Many of our invasive weeds are edible including the beloved Blackberry Bush and the familiar Dandelion weed. Wild Fennel is a common weed originating from the Mediterranean, and while it resembles dill, it offers a distinct anise, or licorice, aroma and flavour. I love making a big batch of this wild fennel pesto in the spring or fall, with the fennel is ready to harvest, and freezing it in mason jars to enjoy throughout the year.
Wild Fennel As Medicine
Herbalists will prescribe fennel for increasing lactation, promoting menstruation, facilitating birth, and increasing libido. It is also used for upper respiratory tract infections, coughs, bronchitis, cholera, backache, bedwetting, dyspepsia, flatulence, bloating, loss of appetite, and visual problems. Clinical evidence suggests that fennel is possibly effective for relieving colic in infants (1,2).
Hazelnuts, like all nuts, come with a vast array of health benefits. Consumption has been linked to a reduced risk of cardiovascular (heart) disease, a decreased risk of type 2 diabetes, and they can also help lower post-meal spikes in blood sugar levels (3). Hazelnut farms can be found across so-called Vancouver Island and are harvested in the autumn, but once dried they can be purchased year-round from local suppliers. Hazelnuts were an original Indigenous food, though the variety we have access to now has changed with modern-day agriculture.
Dates are one of our best sources of potassium, an important mineral for heart health and to support muscle contractions. It is also one of my favourite natural sweeteners, and thanks to their fibre content, they don’t come with the sugar-spiking effect of regular table sugar.
Harvesting Wild Fennel
Wild Fennel vs Conventional Fennel
You have likely come across wild fennel many times, in your backyard, in an open field, or trailing your favourite walking path. Wild Fennel differs from the fennel bulb that we find in supermarkets – with wild fennel you can keep digging but you won’t find an edible bulb.
Harvesting Wild Fennel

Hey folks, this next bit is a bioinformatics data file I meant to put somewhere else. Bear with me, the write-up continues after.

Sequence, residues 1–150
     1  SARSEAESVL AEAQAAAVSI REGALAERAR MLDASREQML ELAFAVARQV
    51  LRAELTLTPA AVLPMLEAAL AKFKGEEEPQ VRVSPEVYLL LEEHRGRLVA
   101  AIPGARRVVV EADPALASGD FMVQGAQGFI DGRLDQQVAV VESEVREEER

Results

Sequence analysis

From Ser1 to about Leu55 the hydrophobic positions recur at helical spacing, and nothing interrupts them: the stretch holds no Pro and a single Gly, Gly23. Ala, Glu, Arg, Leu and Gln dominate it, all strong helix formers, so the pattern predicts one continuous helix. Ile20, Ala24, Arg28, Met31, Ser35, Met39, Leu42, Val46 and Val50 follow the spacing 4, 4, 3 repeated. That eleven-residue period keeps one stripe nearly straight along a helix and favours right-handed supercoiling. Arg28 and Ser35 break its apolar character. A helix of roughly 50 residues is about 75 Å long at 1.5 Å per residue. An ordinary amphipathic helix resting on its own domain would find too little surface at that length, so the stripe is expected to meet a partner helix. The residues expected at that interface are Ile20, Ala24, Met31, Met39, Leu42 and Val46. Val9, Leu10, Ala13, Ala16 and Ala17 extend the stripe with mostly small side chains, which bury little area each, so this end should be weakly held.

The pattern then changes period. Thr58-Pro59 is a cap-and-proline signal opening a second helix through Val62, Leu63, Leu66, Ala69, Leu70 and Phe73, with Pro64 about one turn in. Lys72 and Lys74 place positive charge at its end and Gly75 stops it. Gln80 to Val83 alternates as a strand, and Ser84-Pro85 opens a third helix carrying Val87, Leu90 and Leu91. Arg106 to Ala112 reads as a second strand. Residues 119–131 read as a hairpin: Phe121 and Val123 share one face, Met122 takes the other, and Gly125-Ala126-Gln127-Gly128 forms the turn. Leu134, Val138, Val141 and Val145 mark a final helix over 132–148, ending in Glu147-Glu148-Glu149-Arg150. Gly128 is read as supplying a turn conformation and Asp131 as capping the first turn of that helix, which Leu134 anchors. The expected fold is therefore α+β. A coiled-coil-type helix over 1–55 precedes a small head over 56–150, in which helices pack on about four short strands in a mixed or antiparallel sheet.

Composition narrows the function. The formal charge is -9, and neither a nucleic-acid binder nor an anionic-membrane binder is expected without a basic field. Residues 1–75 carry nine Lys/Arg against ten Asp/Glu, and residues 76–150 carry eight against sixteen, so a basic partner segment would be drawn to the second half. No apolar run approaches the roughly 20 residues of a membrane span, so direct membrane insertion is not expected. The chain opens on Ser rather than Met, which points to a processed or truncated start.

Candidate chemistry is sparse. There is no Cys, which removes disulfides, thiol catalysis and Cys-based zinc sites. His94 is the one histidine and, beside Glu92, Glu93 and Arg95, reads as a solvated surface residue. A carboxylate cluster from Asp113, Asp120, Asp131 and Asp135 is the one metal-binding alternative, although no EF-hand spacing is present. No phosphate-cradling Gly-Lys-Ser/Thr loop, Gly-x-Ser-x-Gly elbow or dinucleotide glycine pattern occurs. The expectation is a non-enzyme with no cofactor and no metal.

Harvest your wild fennel from a clean source, away from roadsides and sprayed agricultural fields. If you have never harvested wild fennel before and want to experiment with any fennel recipe, harvest with someone who is familiar with it to ensure proper identification.
Preparing The Wild Fennel
Clean the wild fennel and remove any discoloured fronds. The stems can remain and there is no need to remove them. Roughly chop the wild fennel before adding it to the blender to help with the blending process and to ensure a smoother consistency. If you don’t have access to wild fennel, you can use the fronds of the common fennel bulb that can be found in supermarkets in season.
What To Serve It With
Here are a few of my favourite ways to enjoy:
- Serve with some soft goat cheese on some seedy crackers (try these Homemade Seed Crackers)
- Make a wild fennel pesto penne pasta
- Have this wild fennel pesto on baked salmon
- Have this wild fennel pesto baked on a flatbread as an appetizer
- Make an orzo and goat cheese wild fennel pesto salad
- Make a wild fennel pesto pizza topped with feta or goat cheese
Lebanese Wild Fennel Pesto Recipe
- 3 cups wild fennel packed
- 10 dates soaked*
- 1/2 cup hazelnuts whole
- 1/4 tsp salt
- 1/4 cup olive oil extra virgin
- If your dates are hard, option to soak them in hot water for a few minutes while preparing the other ingredients. This will help the dates blend easier.
- Roughly chop the wild fennel. Add all of the ingredients into a high-speed blender or food processor. Process until the pesto ingredients are well incorporated and a smooth consistency forms.
- Store in an air-tight container in the refrigerator for up to 5 days. Make a large batch and freeze in individual containers to enjoy throughout the year.
1 Weizman Z, Alkrinawi S, Goldfarb D, et al. (1993) Efficacy of herbal tea preparation in infantile colic. Journal of Pediatrics
2 Elgayyar, M., Draughon, F. A., Golden, D. A., and Mount, J. R. (2001) Antimicrobial activity of essential oils from plants against selected pathogenic and saprophytic microorganisms. Journal of Food Protection
3 David J. A. Jenkins (2008) Possible Benefit of Nuts in Type 2 Diabetes. The Journal of Nutrition